By Duncan Riley.

The price of bitcoin surged past $9,000 for the first time on Sunday for a new record high as a new report claimed that as many as 23 percent of all bitcoin may be permanently lost, creating further scarcity in a market with rising demand.

The tale of the lost bitcoins comes from security firm Chainalysis, which told Forbes that according to its analysis, between 2.78 million and 3.79 million bitcoin have been lost, or 17 to 23 percent of all bitcoin that has been mined to date.

Chainalysis does take a leap of faith, however, making a number of assumptions to come to those figures. Based on its estimates, half of all bitcoin is currently being held and not traded by those who prescribe to a long-term “hold all” (usually abbreviated to HODL) position in bitcoin. Noting that many of those holding onto bitcoin date from the cruptocurrency’s early days, the firm then estimates that much of the bitcoin not in circulation may not primarily represent an active position of people holding bitcoin but instead reflect bitcoin that has been lost.

Commenting on its effect on the price of bitcoin, Chainalysis Senior Economist Kim Grauer said that the supply side was a very complex question. “On the one hand, direct calculations about market cap do not take lost coins into consideration,” he said. “Considering how highly speculative this field is, those market cap calculations may make it into economic models of the market that impact spending activity.”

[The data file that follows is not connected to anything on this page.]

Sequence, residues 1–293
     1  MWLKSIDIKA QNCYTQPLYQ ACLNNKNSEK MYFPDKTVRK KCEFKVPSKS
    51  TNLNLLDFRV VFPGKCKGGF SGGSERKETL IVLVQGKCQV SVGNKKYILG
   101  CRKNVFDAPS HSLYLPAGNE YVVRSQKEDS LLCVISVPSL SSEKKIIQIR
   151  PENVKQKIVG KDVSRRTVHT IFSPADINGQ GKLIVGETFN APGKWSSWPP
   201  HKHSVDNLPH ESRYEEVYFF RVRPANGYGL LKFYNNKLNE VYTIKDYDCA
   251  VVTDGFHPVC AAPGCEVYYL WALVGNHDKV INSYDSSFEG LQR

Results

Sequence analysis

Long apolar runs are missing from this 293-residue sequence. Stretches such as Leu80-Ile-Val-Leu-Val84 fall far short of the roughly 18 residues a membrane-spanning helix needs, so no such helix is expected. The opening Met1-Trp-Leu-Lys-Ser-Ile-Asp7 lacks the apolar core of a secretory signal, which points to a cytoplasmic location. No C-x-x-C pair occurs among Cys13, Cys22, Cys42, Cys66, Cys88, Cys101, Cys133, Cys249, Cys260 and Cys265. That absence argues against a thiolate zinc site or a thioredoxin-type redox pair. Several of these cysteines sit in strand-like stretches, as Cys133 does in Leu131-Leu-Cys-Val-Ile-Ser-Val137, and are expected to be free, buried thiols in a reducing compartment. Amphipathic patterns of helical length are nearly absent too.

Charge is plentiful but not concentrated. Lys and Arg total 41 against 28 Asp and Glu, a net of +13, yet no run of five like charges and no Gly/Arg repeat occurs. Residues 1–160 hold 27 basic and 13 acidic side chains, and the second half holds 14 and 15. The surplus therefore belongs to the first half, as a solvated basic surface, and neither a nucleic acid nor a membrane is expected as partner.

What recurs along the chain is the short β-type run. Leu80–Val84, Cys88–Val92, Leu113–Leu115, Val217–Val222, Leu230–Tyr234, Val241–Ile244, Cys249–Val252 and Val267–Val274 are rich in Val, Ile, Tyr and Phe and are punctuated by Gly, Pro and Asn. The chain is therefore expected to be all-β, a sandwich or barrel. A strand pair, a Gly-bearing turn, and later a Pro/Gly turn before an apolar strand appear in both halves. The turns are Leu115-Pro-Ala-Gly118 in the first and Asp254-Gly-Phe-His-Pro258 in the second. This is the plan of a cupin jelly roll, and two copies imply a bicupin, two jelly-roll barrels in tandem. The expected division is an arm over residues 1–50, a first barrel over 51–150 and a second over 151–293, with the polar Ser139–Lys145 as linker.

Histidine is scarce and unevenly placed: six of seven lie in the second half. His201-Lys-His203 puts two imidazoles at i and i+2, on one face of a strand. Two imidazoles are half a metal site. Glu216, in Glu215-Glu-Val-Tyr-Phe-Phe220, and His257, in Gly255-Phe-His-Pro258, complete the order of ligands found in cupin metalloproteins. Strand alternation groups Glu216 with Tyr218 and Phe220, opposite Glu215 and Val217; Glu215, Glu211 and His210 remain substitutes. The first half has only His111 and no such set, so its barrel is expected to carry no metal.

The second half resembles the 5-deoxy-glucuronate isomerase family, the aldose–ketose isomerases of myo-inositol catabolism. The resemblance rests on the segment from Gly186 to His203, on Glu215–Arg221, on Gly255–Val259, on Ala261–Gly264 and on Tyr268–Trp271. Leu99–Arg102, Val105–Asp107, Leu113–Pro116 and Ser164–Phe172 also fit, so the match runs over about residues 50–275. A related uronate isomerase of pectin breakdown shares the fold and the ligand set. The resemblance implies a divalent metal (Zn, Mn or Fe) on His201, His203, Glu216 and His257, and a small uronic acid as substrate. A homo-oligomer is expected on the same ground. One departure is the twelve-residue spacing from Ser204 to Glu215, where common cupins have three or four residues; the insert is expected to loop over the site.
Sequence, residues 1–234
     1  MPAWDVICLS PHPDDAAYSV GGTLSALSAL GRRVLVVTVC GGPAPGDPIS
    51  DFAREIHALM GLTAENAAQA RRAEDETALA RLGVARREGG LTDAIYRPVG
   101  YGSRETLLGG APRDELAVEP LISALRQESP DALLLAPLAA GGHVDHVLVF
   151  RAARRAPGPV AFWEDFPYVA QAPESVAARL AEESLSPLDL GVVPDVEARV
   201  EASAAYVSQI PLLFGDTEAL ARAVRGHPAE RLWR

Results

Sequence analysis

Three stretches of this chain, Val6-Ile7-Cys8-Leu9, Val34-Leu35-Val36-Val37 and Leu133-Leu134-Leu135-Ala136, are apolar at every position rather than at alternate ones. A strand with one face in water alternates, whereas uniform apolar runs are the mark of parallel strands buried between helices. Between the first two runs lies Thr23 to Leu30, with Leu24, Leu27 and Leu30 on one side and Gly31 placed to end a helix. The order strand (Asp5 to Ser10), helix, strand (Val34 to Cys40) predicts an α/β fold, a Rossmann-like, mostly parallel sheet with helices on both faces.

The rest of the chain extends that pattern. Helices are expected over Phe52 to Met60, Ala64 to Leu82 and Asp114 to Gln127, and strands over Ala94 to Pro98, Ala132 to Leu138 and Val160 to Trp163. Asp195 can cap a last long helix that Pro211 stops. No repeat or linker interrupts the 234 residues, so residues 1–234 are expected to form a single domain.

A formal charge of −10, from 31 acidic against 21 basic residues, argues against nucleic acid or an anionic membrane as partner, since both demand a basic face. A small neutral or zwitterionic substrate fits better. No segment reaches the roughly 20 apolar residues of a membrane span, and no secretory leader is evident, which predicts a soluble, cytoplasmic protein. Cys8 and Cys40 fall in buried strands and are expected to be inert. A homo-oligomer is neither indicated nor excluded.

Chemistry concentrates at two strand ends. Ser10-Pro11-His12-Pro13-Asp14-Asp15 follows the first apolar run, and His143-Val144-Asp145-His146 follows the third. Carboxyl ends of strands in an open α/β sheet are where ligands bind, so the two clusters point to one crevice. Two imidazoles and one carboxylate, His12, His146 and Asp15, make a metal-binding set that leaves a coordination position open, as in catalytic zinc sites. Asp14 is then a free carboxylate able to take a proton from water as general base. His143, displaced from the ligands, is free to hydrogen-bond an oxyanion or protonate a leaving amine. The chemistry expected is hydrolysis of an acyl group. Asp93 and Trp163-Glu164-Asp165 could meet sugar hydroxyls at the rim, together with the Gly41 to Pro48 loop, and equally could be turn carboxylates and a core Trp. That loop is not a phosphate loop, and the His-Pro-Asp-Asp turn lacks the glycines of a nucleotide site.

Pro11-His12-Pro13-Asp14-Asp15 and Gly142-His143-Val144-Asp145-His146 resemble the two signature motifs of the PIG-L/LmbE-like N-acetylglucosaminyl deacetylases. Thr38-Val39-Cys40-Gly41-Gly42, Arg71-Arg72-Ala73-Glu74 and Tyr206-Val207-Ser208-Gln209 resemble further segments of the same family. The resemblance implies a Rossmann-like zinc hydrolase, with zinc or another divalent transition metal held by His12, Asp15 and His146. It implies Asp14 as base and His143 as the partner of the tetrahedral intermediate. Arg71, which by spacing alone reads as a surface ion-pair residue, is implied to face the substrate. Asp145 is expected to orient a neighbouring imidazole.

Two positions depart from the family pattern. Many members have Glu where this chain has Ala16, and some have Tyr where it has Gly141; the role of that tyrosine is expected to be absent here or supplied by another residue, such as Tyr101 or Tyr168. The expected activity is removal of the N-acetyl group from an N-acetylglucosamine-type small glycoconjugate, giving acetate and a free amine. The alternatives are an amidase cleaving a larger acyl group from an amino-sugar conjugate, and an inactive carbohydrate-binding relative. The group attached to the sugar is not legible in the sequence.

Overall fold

Yet, he added, the market has “adapted to the actual demand and supply available – just look at exchange behavior. Furthermore, it is well known monetary policy procedure to lower or increase fiat reserves to impact exchange rates. So the answer is yes and no.”

Whether the figures and presumptions made by Chainalysis are correct is a matter for researchers and economists, but one certain variable is the current insatiable demand for bitcoin that continues to drive up the price.

The $9,000 bitcoin mark was breached just after 11 a.m. EST Sunday, one week after it first broke through $8,000 for the first time. Investor confidence continues to be buoyed by positive news with many looking towards the launch by CME Group Inc. of bitcoin futures trading on the Chicago Mercantile Exchange in the second week of December. That move is expected to let loose a flood of mainstream investor interest into the cryptocurrency.

As of 9:45 p.m. EST Sunday, bitcoin was trading at $9,570.80 as its record-breaking bull run continues, presenting the chance that bitcoin could break the $10,000 mark once the sun rises over the United States on Monday morning.